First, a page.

The introductory Living History Tour is $25 per person. The Wild Horse Hiking Adventure gets visitors a little closer to the sanctuary’s various herds, but at a comfortable distance. The 55 horses of the Hart Mountain herd from Oregon claim more than a third of the sanctuary’s 310 acres. On a recent morning, the four family bands — each with a stallion and his mares and offspring — stood on a steep, sandy hillside eating their breakfast of hay.
A sign outside Spirit’s enclosure at Return to Freedom sanctuary. (Photo: Mary-Rose Abraham)
In offering a sanctuary, Return to Freedom must find balance among maintaining a wild habitat for the horses, educating and giving access to visitors, and, not the least, funding the horses’ upkeep through school visits, photo safaris ($150 per person), hikes, and tours. For example, while wild horses would find themselves feeding on seemingly endless open land, overgrazing and the persistent California drought means workers at Return to Freedom must supplement with hay twice a day, at a cost of $30,000 per month.
Return to Freedom is open to visitors year-round and tallied 800 visitors during the peak season of May through September. They came from as far away as New York, Germany, and New Zealand.
“It’s almost a spiritual experience, getting back into harmony with nature,” said Santini about the tours she leads. “Just ‘to be’ with these incredible wild animals because they are allowing us to.”
So why must these wild animals be given sanctuary to begin with? In a 1971 act, the U.S. Congress deemed wild horses and burros “living symbols of the historic and pioneer spirit of the West,” and placed them under the protection of the Bureau of Land Management. The BLM estimates the number of wild horses at 48,000 but says the public lands in 10 Western states can really sustain only 26,000. So every year, in a highly controversial practice, horses are rounded up — sometimes by helicopter — and stored until they are adopted.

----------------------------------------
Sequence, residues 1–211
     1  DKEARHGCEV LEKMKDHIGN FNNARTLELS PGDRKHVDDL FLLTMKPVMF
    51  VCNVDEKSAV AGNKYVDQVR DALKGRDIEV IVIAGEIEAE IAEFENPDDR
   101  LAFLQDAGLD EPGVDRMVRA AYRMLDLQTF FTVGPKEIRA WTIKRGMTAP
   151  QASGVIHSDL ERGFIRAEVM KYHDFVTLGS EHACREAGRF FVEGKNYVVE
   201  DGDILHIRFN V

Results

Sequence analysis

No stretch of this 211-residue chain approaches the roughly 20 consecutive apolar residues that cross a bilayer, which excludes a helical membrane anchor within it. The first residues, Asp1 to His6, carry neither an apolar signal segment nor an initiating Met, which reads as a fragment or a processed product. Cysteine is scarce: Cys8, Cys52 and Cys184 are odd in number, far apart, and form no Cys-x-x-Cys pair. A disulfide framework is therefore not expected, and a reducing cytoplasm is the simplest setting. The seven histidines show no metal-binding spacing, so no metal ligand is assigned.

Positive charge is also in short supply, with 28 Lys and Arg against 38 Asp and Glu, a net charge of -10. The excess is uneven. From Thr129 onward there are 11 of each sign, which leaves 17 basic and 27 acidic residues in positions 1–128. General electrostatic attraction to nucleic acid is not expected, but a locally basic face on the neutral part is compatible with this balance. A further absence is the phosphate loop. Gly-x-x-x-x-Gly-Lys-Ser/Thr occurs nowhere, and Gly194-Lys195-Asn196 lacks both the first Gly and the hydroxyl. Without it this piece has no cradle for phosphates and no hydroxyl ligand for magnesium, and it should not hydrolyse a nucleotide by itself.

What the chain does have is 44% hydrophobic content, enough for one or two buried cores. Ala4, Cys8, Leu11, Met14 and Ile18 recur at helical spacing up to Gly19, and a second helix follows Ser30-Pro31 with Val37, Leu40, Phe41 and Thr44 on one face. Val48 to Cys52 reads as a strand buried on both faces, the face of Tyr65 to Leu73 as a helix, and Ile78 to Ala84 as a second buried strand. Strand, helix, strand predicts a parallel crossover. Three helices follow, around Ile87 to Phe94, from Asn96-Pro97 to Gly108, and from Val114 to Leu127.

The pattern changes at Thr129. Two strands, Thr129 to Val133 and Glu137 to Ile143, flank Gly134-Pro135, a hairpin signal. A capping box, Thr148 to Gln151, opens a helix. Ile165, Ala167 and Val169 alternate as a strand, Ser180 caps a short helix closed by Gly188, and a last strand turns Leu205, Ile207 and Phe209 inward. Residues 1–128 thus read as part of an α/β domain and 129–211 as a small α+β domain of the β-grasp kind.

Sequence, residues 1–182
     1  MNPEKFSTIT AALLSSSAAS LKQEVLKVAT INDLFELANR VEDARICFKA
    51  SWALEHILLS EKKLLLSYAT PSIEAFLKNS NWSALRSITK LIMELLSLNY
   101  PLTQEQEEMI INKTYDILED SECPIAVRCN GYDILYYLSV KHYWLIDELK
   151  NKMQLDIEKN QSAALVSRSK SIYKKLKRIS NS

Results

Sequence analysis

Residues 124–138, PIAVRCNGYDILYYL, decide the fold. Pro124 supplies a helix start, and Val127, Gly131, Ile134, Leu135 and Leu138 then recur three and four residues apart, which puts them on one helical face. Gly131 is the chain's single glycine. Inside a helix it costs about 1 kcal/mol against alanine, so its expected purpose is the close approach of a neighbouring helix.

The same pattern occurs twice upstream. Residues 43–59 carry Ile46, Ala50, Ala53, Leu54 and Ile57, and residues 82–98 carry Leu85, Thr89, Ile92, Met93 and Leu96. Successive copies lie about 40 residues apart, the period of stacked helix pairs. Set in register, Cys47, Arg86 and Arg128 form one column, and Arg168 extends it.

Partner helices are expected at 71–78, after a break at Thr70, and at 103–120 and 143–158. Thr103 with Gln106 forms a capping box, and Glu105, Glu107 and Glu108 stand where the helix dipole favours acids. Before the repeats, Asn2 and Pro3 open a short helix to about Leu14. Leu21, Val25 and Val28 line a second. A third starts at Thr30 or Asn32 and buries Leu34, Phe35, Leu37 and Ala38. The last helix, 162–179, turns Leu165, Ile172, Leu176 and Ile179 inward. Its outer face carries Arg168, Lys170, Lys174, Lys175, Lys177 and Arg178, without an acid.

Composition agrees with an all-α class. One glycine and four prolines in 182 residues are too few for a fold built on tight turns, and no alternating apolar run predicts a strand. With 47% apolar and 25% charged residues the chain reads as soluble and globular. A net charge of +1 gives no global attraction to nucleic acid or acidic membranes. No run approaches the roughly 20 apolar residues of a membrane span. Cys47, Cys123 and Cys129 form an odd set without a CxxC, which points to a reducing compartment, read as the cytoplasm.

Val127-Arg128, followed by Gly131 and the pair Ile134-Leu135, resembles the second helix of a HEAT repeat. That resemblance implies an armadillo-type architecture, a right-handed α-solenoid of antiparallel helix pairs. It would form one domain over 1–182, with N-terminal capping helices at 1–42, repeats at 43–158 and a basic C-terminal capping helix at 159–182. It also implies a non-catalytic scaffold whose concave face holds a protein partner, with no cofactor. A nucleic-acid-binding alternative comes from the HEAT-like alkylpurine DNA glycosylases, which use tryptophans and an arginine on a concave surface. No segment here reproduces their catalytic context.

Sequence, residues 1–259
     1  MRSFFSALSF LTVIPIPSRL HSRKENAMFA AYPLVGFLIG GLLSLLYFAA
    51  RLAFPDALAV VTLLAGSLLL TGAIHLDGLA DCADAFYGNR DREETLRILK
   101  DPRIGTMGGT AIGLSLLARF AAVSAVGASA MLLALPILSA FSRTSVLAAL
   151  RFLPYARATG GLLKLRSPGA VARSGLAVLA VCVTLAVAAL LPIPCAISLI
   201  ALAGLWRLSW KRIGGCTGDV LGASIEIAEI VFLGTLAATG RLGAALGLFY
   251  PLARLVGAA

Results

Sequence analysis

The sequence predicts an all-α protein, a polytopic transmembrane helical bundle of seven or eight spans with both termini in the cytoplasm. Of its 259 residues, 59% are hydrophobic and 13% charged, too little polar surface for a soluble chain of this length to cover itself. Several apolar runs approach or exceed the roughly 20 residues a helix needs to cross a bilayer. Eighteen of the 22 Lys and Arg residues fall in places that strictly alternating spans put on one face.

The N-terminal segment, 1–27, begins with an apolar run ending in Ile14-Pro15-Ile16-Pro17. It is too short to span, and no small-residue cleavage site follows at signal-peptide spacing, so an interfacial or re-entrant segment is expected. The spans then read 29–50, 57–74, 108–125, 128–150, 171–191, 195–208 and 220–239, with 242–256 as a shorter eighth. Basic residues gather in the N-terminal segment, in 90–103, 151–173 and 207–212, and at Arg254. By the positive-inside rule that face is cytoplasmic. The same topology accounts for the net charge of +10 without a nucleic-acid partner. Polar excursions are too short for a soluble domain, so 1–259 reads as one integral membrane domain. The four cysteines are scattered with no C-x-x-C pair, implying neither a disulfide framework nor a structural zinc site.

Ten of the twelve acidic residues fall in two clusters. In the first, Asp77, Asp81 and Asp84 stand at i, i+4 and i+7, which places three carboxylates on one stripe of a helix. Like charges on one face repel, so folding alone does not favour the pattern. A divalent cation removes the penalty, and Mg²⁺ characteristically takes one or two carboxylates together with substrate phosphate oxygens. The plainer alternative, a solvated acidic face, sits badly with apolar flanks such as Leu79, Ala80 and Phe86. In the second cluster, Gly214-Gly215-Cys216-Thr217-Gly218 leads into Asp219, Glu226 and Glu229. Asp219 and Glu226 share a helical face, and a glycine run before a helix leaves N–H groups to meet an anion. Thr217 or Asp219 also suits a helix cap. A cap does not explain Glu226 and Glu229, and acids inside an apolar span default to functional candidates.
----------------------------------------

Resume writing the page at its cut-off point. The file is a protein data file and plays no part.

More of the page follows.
Wild horses from the Hart Mountain herd roam over 100 acres at the Return to Freedom sanctuary. (Photo: Mary-Rose Abraham)
Last year, according to BLM figures, nearly 50,000 horses and burros were in the agency’s care. Only 2,671 animals were adopted.
Sanctuaries have taken in many of those horses, and they are all open to the public, in places such as South Dakota, Nevada, Wyoming, and New Mexico.
DeMayo — whose very first word was “horse” — has taken in as many animals as her land and funding can accommodate since she founded Return to Freedom in 1997. The horse population is kept under control by injecting the mares with birth control yearly. Still, she and her staff are now raising funds to establish a $10 million land trust to take in even more wild horses. Plans include building a noninvasive educational center for visitors.
“This is a place that gives a peaceful experience to the visitor and instills gratitude and joy,” DeMayo said. “Animals are sentient. They have a sense of humor, they suffer loneliness, they feel affection, and they develop bonds, just like we do.”
For more information about Return to Freedom, visit http://www.returntofreedom.org/.
Mary-Rose Abraham is a multimedia journalist based in Los Angeles. You can follow her on Twitter @maryroseabraham.